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"The project, the largest proposed outside Manhattan in decades.." since the fall of New York, the days of Moses

" creating a dense urban skyline reminiscent of Houston or Dallas..." I'm sure that would impress those who haven't tried to walk or live in either of these 2 "cities".

"Mr. Gehry's preliminary design aims to create the look of a contemporary city that grew up naturally over time, he said". If this is Gehry's attempt to create a part of the city which grew naturally over time, I wonder what his attempt at a shock and awe megaproject would be, never mind. :rolleyes

"efforts to acquire some land by eminent domain... accuse state and city officials of giving Mr. Ratner unfair concessions...The plan calls for direct subsidies of $100 million each from the city and state for site improvements to the area.."
Forest City Rattner is the largest development firm operating in NYC. They also recieved subsidies for building the two malls across the street which were panned for being auto-centric and shunning the street. Except for the Pathmark (groceries), the stores have been unsuccessful and so the mall parking garage has been rented out to people living in the area.

Almost all box stores and large shopping centres in NYC receive large subsidies from the NY (state) economic development corporation. In fact when Hevesi (acting controller) was asked what his agency had done to create economic development in NY state, he told them that he helped to bring in many large-scale multi-national retail stores into New York which have created thousands of jobs.

Of course the jobs of the small-scale retailers who did not receive these subsidies and went out of business, are not included in his equations. When you examine Pataki and Hevesi's campaign contribution records you will see that Forest City (and subsidiary firms) as well as the multi-national retailers know how to return a favour.

"Hopefully this will be a model for other large-scale developments to be done again in the boroughs as they were in the 50's and 60's," Mr. Ratner said. It is in some sense like Columbus Circle... "
Ah yes the good old days of the 50's and the 60's NYC (Moses) planning, where within 7 blocks of Columbus circle over 20,000 people were displaced by eminant domain. A windowless colisseum was built as a monument to Moses on the circle as he was a great admirer of roman emporers, especially Julius Ceasar. He also designed Shea Stadium as an even larger replica of the Roman coliseums.

Next to Columbus circle Moses also built the Lincoln cultural centre, much of which is still isolated from the rest of the community by walls on the south, west and north sides. (streets do not travel through the large cultural complex). He also tore down buildings near Columbus circle to build the Manhattantown affordable housing project. He never actually got around to building the housing and so the site remained as surface parking until Moses gave up control of the Title one agency ten years later. Yes, 'The good old days' when one man could get things done, without interference from the people.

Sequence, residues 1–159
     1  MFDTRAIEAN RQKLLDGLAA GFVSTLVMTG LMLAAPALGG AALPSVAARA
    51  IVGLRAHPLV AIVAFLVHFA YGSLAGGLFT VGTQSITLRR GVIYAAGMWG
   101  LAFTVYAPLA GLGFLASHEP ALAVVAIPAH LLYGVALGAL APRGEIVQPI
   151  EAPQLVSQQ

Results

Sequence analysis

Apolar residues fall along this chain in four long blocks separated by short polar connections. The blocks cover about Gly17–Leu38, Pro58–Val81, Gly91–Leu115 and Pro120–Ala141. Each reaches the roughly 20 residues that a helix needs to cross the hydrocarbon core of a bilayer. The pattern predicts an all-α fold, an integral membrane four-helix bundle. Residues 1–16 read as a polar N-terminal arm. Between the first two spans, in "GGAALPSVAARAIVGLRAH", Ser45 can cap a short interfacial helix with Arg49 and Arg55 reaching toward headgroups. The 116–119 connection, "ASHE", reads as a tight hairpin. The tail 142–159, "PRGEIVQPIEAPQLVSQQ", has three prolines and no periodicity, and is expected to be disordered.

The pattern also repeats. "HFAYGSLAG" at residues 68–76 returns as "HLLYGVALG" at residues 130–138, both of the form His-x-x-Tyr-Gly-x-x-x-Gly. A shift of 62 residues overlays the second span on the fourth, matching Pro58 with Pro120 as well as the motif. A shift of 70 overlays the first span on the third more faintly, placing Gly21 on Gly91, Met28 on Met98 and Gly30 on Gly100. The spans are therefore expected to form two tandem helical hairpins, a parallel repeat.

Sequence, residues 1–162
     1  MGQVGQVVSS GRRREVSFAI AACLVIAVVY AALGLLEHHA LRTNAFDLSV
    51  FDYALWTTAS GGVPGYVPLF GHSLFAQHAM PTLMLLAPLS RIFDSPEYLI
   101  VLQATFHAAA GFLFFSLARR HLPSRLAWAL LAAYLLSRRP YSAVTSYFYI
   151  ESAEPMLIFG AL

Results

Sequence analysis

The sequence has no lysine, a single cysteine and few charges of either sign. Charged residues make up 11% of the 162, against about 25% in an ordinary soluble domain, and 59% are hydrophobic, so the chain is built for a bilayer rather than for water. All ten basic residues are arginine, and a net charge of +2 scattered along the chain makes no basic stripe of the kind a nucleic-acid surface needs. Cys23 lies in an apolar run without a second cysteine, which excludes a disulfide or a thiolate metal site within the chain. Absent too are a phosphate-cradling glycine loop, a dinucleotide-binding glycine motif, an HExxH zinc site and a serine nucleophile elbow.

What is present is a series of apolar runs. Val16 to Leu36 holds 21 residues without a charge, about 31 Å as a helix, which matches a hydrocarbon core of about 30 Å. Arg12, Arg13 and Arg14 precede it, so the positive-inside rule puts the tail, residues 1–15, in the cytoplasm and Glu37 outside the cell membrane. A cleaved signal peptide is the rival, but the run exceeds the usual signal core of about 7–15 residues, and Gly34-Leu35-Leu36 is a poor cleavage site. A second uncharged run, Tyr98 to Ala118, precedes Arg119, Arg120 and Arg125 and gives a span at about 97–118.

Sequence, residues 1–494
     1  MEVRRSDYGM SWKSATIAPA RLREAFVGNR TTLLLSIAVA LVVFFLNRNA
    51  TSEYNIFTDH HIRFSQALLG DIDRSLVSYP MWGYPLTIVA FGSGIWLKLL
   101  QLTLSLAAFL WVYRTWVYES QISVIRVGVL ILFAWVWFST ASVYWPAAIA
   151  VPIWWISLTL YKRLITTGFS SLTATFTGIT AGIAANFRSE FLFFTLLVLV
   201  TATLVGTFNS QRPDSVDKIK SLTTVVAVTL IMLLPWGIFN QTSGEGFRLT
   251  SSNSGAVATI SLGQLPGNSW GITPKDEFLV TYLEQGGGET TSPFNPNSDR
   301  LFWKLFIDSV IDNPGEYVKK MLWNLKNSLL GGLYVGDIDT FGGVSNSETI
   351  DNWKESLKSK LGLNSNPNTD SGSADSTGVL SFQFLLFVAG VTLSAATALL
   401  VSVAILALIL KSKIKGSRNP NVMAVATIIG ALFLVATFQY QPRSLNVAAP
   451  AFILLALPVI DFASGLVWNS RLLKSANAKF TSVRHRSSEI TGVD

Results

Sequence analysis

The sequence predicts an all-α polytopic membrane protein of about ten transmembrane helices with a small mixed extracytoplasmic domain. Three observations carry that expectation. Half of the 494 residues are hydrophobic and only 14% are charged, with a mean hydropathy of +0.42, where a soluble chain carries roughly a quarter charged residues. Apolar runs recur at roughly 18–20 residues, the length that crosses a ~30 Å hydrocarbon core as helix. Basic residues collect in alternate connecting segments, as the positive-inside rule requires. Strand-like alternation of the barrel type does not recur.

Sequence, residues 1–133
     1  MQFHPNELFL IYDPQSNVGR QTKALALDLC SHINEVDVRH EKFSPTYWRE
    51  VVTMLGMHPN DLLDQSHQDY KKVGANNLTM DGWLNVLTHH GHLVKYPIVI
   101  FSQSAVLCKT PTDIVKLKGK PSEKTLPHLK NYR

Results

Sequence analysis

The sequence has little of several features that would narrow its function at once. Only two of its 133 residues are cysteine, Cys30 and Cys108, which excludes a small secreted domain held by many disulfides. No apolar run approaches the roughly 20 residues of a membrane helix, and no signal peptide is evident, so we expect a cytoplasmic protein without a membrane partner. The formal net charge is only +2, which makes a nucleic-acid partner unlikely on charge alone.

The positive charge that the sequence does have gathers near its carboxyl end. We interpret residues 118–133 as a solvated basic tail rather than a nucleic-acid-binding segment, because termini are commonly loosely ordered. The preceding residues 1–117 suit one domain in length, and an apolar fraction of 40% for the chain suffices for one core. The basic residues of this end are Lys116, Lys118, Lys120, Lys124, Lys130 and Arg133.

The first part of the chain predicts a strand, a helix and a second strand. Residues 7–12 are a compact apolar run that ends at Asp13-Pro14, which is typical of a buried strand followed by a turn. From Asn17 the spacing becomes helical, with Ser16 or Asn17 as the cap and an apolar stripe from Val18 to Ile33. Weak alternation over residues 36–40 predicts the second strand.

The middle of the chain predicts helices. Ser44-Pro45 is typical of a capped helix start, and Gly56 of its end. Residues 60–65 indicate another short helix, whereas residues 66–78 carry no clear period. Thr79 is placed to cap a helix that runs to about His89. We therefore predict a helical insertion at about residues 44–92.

Next article:

"More significant, however, Mr. Gehry's towering composition of clashing, undulating forms is an intriguing attempt to overturn a half-century's worth of failed urban planning ideas."
NYC is still dealing with the Moses vs. Jane Jacobs models of planning styles. Although the articles state that it is the Jane Jacobs model that has failed, they spend their time criticizing failed Moses type mega-projects (modernist dehumanstic superblocks, west side stadium, Battery Park and try to explain why this one will not suffer the fate of the others which have been largely panned in NYC as well as elsewhere. I general gist of the articles is to suggest that this one is too big, too Jarring, creative and garish to fail. The only proof given in either article of why Jacob's policies are such a failure is that they don't seem to recognize the merit and obvious genious of project like Gehry's .

"so that as you arrived by car along Flatbush Avenue, your eye would travel up a delirious pileup of forms..."
It's so important to create the dilerious skyline of Las Vegas, Houston or Cityplace that looks so cool passing by in your car. Too bad most adults in the borough do not have a drivers liscence and so would not be able to partake in the only appropriate view.

"What is more, Mr. Gehry has gone to great lengths to fuse his design with its surroundings. The tallest of the towers, for example, are mostly set along Atlantic Avenue, where they face a mix of retail malls and low-income housing..."